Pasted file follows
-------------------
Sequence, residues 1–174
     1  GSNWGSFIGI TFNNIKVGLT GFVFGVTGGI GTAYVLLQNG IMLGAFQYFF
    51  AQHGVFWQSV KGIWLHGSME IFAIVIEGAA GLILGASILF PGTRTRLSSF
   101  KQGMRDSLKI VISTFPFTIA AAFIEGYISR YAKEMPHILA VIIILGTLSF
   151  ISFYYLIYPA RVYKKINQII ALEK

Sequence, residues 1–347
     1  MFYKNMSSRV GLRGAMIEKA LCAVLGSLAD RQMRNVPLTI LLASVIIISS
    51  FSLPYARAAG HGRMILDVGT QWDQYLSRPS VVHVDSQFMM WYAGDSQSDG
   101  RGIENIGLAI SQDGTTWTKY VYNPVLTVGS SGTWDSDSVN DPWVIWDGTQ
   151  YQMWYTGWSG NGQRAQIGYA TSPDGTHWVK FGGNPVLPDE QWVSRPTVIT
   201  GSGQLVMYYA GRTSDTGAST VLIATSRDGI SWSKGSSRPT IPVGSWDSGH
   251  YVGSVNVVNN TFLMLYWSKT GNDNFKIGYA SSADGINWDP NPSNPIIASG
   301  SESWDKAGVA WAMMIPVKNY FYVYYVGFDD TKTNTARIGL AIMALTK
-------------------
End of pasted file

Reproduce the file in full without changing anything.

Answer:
Sequence, residues 1–174
     1  GSNWGSFIGI TFNNIKVGLT GFVFGVTGGI GTAYVLLQNG IMLGAFQYFF
    51  AQHGVFWQSV KGIWLHGSME IFAIVIEGAA GLILGASILF PGTRTRLSSF
   101  KQGMRDSLKI VISTFPFTIA AAFIEGYISR YAKEMPHILA VIIILGTLSF
   151  ISFYYLIYPA RVYKKINQII ALEK

Sequence, residues 1–347
     1  MFYKNMSSRV GLRGAMIEKA LCAVLGSLAD RQMRNVPLTI LLASVIIISS
    51  FSLPYARAAG HGRMILDVGT QWDQYLSRPS VVHVDSQFMM WYAGDSQSDG
   101  RGIENIGLAI SQDGTTWTKY VYNPVLTVGS SGTWDSDSVN DPWVIWDGTQ
   151  YQMWYTGWSG NGQRAQIGYA TSPDGTHWVK FGGNPVLPDE QWVSRPTVIT
   201  GSGQLVMYYA GRTSDTGAST VLIATSRDGI SWSKGSSRPT IPVGSWDSGH
   251  YVGSVNVVNN TFLMLYWSKT GNDNFKIGYA SSADGINWDP NPSNPIIASG
   301  SESWDKAGVA WAMMIPVKNY FYVYYVGFDD TKTNTARIGL AIMALTK